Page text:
Kantor Gallery is pleased to present a new solo exhibition, Search/Party, by Los Angeles-based artist Vonn Sumner. The show will be on view at the gallery from August 20 – September 14, 2022.
Meet Krazy Kat: a mischievous (or guileless?) genderless (intersex?), human-animal (so…Mememoji?) hybrid. OK, so he’s complicated. But the character remains what you make, or remember, of it. Because there is arguably no comic work as canonical as the 109-year-old Krazy Kat.
“Krazy Kat is a relic of bohemian America—a ‘beat’—an eccentric, a romantic wanderer,” says painter Vonn Sumner on Search/Party, his latest show of 15 new paintings that reinterpret the feline cartoon in absurdist, tonal dreamscapes befitting these these crazy times.
The series effuses a two-pronged nostalgia bomb; one part for an era Sumner never experienced (the Wild West intrawar heyday of newspaper comic strips), and the other for the salad days of freshman year when he first encountered Krazy Kat in a course taught by renowned painter Wayne Thiebaud at UC Davis.
The original Krazy Kat was the creation of George Herriman and ran in William Randolph Hearst’s newspapers from 1913 to 1944. Herriman was an “artist’s artist,” Sumner says, counting E. E. Cummings, Picasso, and de Kooning as fans. This highbrow-lowbrow burlesque was part of the fun of Krazy Kat. Decades after Herriman’s death, in the early 1970s, the artwork reached new depths when his birth certificate revealed that he was a black ‘Creole’ man who “passed” as white his entire adult life. Here was proof from the artist himself that Krazy Kat represented more than a chimera of the American Dream; it was a harbinger and a confirmation that all art is a search for redemption and humanity. Today, cartoons and fine art are invariably linked, from Robert Crumb’s Fritz the Cat to the “Maus” graphic novels of Art Spiegelman to the Mickey Mouse-inspired KAWS Companion, but each stands on the buoyant shoulders of Krazy Kat.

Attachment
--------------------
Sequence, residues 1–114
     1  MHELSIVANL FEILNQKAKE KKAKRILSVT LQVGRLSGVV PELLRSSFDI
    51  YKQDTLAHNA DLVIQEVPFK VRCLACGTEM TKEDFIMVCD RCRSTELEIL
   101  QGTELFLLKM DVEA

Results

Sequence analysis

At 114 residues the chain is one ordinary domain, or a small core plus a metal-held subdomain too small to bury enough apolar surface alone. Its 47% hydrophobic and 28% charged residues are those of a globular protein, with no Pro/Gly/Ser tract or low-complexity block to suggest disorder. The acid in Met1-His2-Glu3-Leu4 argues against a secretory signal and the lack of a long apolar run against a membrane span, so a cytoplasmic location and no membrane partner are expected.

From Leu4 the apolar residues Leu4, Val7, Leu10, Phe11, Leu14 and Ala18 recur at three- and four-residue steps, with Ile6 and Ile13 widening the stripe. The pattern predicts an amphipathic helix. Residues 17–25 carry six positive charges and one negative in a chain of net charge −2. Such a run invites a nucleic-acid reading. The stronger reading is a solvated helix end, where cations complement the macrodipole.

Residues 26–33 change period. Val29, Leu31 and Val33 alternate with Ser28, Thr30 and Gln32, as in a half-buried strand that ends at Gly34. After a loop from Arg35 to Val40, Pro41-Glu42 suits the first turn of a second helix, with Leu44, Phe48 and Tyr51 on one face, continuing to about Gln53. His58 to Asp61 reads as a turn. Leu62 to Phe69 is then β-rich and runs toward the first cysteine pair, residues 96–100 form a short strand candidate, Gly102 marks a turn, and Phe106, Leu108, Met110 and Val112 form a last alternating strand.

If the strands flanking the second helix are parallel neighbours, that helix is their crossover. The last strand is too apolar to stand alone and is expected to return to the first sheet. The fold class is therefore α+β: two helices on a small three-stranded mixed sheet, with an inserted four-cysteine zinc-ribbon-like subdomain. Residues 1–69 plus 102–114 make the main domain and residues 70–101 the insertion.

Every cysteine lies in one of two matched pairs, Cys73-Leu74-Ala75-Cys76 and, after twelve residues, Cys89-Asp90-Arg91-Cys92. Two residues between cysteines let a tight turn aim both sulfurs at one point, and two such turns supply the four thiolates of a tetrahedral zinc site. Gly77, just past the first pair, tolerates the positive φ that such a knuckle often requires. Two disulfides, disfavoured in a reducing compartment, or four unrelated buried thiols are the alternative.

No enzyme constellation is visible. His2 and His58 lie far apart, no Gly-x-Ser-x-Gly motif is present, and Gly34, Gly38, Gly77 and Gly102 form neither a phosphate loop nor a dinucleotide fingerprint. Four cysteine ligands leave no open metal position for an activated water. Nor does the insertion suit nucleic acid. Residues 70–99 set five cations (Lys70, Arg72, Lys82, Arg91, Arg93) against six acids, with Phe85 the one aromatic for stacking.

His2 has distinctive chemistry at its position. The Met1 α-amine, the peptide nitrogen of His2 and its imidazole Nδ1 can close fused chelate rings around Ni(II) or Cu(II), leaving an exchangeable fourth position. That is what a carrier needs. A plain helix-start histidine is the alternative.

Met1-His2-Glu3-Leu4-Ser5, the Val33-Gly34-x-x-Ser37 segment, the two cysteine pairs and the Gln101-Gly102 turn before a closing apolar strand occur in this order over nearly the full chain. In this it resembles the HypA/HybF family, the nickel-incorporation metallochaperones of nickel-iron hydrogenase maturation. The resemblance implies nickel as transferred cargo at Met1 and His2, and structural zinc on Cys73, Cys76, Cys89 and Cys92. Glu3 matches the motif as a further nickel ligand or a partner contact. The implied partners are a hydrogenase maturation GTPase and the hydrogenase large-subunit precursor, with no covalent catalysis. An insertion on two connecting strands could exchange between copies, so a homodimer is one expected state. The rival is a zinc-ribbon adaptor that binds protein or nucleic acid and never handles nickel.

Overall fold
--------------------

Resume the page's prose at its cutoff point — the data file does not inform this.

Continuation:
Sumner paints in reverential strokes, placing the bemused and egoless Krazy Kat at the birthday table, atop a melting glacier, or in the Garden of Eden. It’s no surprise, then, that the series began in the pandemic when, inspired (or even comforted) by the past, the artist finally gave himself permission to paint the venerable cartoon as he saw him today—walking past a dumpster fire, wearing a surgical mask—an avatar for our contemporary anxieties and conditions. It was also a way to connect with the person who first defined it for him: Thiebaud.
“We often talked of how cartoon characters allow people to empathize with that figure in a way that’s different from human beings,” says Sumner, who found an unexpected confidant, co-conspirator even, in his mentor. When Thiebaud died at age 101 last December, he left Sumner to continue that conversation. Search/Party is an ongoing dialogue on nostalgia versus longing, coloring what Americana looks like today and searching for empathy in an increasingly brutal, competitive, hyper- consumerist world. Krazy Kat is about having some fun while doing it.
By Mariella Rudi
For any inquiries or book an appointment to view the exhibition, please contact email@example.com